Antimicrobial activity of functional food ingredients focusing on manuka honey action against Escherichia coli : a thesis presented in partial fulfilment of the requirements for the degree of Doctor of Philosophy in Engineering and Technology at Massey University, Auckland, New Zealand
The goal of this research was to identify functional food ingredients/ingredient
combinations able to manage the growth of intestinal microorganisms, and to
elucidate the mechanisms of action of the ingredient(s).
By developing a high-throughput in vitro microbial growth assay, a variety of preselected
ingredients were screened against a panel of bacteria. Manuka honey
UMF(TM) 20+ and BroccoSprouts(R) were identified as the most effective at managing
microbial growth, alone and in combination. Manuka honey was particularly effective
at increasing probiotic growth and decreasing pathogen growth. Testing of these
two ingredients progressed to an animal feeding trial. Here, contrary to the in vitro
results, it was found that no significant in vivo effects were observed.
All honeys are known to be antimicrobial by virtue of bee-derived hydrogen peroxide,
honey sugar-derived osmotic effects, and the contribution of low pH and the other
bioactive compounds present, hence their historical usage as an antiseptic wound
dressing. The in vitro antimicrobial effect of manuka honey has currently been the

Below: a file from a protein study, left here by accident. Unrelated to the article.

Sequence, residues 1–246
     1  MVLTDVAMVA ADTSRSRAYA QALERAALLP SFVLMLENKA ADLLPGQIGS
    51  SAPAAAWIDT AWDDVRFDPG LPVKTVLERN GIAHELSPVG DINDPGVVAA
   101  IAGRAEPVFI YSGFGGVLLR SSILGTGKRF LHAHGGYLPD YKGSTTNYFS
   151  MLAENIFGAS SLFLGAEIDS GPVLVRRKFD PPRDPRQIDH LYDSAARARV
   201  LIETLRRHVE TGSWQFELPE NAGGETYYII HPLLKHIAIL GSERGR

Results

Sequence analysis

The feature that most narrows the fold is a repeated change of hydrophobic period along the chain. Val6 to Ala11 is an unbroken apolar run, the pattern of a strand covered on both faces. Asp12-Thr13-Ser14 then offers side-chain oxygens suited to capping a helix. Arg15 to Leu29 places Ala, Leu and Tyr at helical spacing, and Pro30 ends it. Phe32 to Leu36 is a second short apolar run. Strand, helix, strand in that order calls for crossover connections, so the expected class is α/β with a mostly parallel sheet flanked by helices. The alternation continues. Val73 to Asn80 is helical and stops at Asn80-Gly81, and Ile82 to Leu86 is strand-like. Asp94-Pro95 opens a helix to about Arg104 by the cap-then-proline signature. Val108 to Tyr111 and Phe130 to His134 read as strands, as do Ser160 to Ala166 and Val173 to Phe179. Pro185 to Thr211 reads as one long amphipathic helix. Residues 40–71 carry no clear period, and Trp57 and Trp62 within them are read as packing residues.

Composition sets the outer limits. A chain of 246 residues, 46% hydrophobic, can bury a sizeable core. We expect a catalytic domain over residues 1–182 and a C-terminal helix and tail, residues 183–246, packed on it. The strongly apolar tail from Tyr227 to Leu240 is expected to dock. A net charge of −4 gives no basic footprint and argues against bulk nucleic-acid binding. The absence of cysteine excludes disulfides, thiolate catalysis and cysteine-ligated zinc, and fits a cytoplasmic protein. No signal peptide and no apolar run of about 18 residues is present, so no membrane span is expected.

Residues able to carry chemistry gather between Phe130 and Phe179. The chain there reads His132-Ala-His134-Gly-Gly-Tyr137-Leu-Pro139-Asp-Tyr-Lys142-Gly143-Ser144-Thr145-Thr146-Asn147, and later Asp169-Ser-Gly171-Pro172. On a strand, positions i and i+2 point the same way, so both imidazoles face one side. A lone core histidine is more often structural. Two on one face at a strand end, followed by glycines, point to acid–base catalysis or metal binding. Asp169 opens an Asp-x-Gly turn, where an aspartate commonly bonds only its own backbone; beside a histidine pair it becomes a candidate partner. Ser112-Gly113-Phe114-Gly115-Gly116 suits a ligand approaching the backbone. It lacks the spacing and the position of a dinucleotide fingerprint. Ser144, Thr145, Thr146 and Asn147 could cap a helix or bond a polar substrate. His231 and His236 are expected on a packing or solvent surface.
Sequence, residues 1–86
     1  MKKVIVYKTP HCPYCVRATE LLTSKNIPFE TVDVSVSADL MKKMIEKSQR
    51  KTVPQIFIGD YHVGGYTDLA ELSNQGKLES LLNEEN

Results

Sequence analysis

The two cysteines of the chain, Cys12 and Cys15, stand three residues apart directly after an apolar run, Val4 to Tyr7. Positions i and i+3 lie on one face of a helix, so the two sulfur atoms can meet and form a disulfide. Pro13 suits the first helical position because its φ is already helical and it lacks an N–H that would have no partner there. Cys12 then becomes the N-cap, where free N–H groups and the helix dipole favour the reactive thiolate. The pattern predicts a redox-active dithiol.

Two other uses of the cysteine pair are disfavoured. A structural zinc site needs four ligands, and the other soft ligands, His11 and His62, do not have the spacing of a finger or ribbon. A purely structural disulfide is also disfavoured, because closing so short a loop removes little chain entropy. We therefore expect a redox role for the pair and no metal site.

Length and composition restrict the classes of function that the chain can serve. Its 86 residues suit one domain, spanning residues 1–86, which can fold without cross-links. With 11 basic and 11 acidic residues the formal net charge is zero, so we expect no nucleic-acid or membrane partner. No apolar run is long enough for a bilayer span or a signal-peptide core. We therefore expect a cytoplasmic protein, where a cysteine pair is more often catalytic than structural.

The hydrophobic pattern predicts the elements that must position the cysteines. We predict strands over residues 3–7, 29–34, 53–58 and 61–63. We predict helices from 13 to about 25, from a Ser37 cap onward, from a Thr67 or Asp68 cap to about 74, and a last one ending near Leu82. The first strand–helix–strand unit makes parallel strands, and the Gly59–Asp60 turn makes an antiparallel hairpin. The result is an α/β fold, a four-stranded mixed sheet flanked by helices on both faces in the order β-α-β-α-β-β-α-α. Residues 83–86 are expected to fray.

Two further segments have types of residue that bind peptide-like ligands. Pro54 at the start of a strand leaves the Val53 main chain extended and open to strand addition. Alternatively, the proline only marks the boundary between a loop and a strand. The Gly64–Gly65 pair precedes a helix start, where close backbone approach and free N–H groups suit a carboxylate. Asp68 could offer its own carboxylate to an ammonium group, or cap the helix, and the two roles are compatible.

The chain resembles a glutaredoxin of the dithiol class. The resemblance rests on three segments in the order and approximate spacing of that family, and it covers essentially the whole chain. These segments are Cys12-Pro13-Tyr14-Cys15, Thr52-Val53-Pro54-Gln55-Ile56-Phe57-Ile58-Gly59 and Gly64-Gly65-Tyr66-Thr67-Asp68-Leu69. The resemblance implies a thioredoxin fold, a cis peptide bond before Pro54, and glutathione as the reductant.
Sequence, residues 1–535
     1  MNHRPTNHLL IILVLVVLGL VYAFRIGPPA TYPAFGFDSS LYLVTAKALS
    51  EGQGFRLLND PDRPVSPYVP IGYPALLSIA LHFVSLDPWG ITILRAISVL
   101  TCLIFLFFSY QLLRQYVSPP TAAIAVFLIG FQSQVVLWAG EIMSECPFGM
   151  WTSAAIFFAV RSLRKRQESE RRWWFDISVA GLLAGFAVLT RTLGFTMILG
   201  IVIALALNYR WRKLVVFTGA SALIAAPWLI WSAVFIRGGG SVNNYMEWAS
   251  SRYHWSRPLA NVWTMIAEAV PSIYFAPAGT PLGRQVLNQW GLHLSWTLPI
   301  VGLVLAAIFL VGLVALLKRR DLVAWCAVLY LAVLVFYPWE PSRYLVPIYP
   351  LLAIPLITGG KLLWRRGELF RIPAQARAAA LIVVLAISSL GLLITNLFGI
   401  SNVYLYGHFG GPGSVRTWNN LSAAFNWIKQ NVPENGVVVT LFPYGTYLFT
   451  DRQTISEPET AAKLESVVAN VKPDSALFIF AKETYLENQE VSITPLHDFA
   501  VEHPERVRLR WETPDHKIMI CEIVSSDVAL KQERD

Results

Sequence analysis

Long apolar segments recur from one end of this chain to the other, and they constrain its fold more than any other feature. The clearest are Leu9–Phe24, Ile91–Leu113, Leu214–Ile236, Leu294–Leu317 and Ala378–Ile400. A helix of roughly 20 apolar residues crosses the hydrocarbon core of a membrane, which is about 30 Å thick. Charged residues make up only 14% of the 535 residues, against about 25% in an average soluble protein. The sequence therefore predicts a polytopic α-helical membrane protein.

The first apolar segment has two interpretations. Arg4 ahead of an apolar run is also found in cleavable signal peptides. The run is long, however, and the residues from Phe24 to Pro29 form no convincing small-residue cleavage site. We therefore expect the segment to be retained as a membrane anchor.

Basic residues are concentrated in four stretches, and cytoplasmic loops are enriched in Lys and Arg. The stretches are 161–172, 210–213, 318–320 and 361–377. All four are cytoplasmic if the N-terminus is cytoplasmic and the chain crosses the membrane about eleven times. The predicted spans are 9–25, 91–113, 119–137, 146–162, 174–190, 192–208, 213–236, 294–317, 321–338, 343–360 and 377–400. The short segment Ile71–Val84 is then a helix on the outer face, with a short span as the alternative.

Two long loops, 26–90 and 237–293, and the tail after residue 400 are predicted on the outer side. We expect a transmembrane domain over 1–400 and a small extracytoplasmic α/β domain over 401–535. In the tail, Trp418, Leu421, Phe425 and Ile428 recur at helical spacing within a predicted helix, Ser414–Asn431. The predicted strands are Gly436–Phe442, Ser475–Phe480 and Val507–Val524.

subject of much investigation, primarily focusing on the Unique Manuka Factor
(UMF), recently identified as methylglyoxal, a known antimicrobial agent. This work
has taken the novel approach of examining the effects of all of the manuka honey
antimicrobial constituents together against Escherichia coli, in order to fully establish
the contribution of these factors to the observed in vitro antimicrobial effects.
For the first time, it has been demonstrated that the in vitro antimicrobial activity of
manuka honey is primarily due to a combination of osmotically active sugars and
methylglyoxal, both in a dose-dependent manner, in a complex relationship with pH,
aeration and other factors. Interestingly, the manuka honey was revealed to prevent
the antimicrobial action of peroxide, and that whilst methylglyoxal prevented E. coli
growth at the highest honey doses tested, at low concentrations the osmotically
active sugars were the dominant growth-limiting factors.
Contrary to the literature, it was discovered that methylglyoxal does not kill E. coli,
but merely extended the lag phase of the organism. In conjunction with the lack of
antimicrobial activity in vivo, this is a landmark discovery in the field of manuka
honey research, as it implies that the value of manuka honey lies more towards
wound dressing applications and gastric health than as a dietary supplement for